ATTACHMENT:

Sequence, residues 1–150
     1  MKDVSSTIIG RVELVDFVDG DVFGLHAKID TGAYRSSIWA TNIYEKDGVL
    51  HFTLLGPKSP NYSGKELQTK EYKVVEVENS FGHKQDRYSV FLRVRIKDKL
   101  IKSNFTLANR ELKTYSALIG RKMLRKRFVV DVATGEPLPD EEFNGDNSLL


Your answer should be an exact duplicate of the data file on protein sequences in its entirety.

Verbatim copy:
Sequence, residues 1–150
     1  MKDVSSTIIG RVELVDFVDG DVFGLHAKID TGAYRSSIWA TNIYEKDGVL
    51  HFTLLGPKSP NYSGKELQTK EYKVVEVENS FGHKQDRYSV FLRVRIKDKL
   101  IKSNFTLANR ELKTYSALIG RKMLRKRFVV DVATGEPLPD EEFNGDNSLL